When it came to Mobile Money Code’s “system,” money was mobile all right. It traveled in a one-way direction from consumers to the pockets of the principals behind the get-rich-quick venture. That’s what the FTC alleged in a lawsuit filed against an international network of defendants. The FTC says they used affiliate marketing to promise that people would earn “60k a month on 100% autopilot,” but the typical consumer never got off the runway.
Blog Posts Tagged with Franchises, Business Opportunities, and Investments
It’s unfortunate, but it happens. First came cryptocurrency. Then came the cryptocurrency crooks. In the emerging cryptocurrency marketplace, what needs to be done to protect consumers from scams, schemes, and swindles? That’s the topic of a half-day workshop on June 25, 2018, in Chicago, and the FTC just announced the agenda.
The company’s name is MOBE – pronounced Mōb, not Moby – but according to a lawsuit filed by the FTC, the defendants tell quite a fish story to the consumers they hook with money-making promises.
Vision Solution Marketing and related defendants pitch services to prospective entrepreneurs and people looking to supplement their income. Among the defendants’ products is business “coaching” that sets people back as much as $13,995. But given the host of alleged misrepresentations cited in a lawsuit filed in federal court in Utah, the FTC says the defendants definitely aren’t playing on consumers’ team.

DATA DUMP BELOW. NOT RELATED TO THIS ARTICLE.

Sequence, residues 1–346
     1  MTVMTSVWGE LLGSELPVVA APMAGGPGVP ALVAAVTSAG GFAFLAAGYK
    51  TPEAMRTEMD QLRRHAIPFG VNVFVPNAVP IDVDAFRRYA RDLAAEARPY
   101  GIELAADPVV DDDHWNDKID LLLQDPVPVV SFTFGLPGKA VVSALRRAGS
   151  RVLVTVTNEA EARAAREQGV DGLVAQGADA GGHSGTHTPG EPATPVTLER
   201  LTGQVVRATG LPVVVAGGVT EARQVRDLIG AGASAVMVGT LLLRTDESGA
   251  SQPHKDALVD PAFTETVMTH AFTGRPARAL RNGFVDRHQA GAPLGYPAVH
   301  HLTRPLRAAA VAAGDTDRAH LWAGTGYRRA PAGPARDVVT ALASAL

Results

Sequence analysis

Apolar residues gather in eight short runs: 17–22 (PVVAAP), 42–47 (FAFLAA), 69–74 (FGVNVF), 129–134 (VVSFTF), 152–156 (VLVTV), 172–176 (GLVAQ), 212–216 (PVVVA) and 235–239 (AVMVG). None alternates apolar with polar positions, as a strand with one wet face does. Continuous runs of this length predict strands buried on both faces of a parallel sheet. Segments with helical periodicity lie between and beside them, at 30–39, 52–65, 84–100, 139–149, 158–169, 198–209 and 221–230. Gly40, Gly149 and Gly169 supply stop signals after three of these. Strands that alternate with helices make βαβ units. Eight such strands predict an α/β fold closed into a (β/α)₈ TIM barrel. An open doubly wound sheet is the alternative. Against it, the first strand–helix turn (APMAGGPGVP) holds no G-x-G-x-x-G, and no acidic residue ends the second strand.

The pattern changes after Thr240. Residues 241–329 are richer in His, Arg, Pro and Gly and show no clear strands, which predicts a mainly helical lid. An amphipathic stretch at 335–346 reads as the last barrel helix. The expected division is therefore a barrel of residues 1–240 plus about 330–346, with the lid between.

You can say this about scammers: They tend toward the trendy. As new products and services enter the marketplace, it’s not long before fraudsters find a way to exploit consumer interest in the innovation to make a quick buck. Cryptocurrencies are no exception, which is why the FTC is hosting a workshop in Chicago on June 25, 2018, Decrypting Cryptocurrency Scams.
An FTC lawsuit alleges that money-making claims made by a related group of companies and individuals for their Amazing Wealth System are “amazing” all right – if by “amazing” you mean “not credible” or “unsupported by the facts.” The complaint charges the defendants with violating the FTC Act and the Business Opportunity Ru
As a business person managing your personal portfolio, you do your best to keep up with the latest financial news. You’ve been hearing more about cryptocurrencies and asking yourself “Hmmm.” Of course, it’s not just bitcoin. There are now hundreds of cryptocurrencies, which are a type of digital currency, on the market. They’ve been publicized as a fast and inexpensive way to pay online, but many are now also being marketed as investment opportunities. But before you decide to purchase cryptocurrency as an investment, here are a few things to know:
Multi-level marketers sell a wide variety of products and services and they structure their companies in different ways. But there’s a lodestar that all industry members can use to navigate through issues that may arise – and here it is: Core consumer protection principles apply to all MLMs. FTC staff has just released business guidance to help MLMs apply those core principles to their business practices.
It sounds like there was some “inventing” going on at Florida-based invention promotion firm World Patent Marketing, but a Preliminary Injunction in a case brought by the FTC suggests it wasn’t the kind that unsuspecting consumers bargained for when they forked over millions of dollars based on the defendants’ misleading promises about patenting and promoting their products.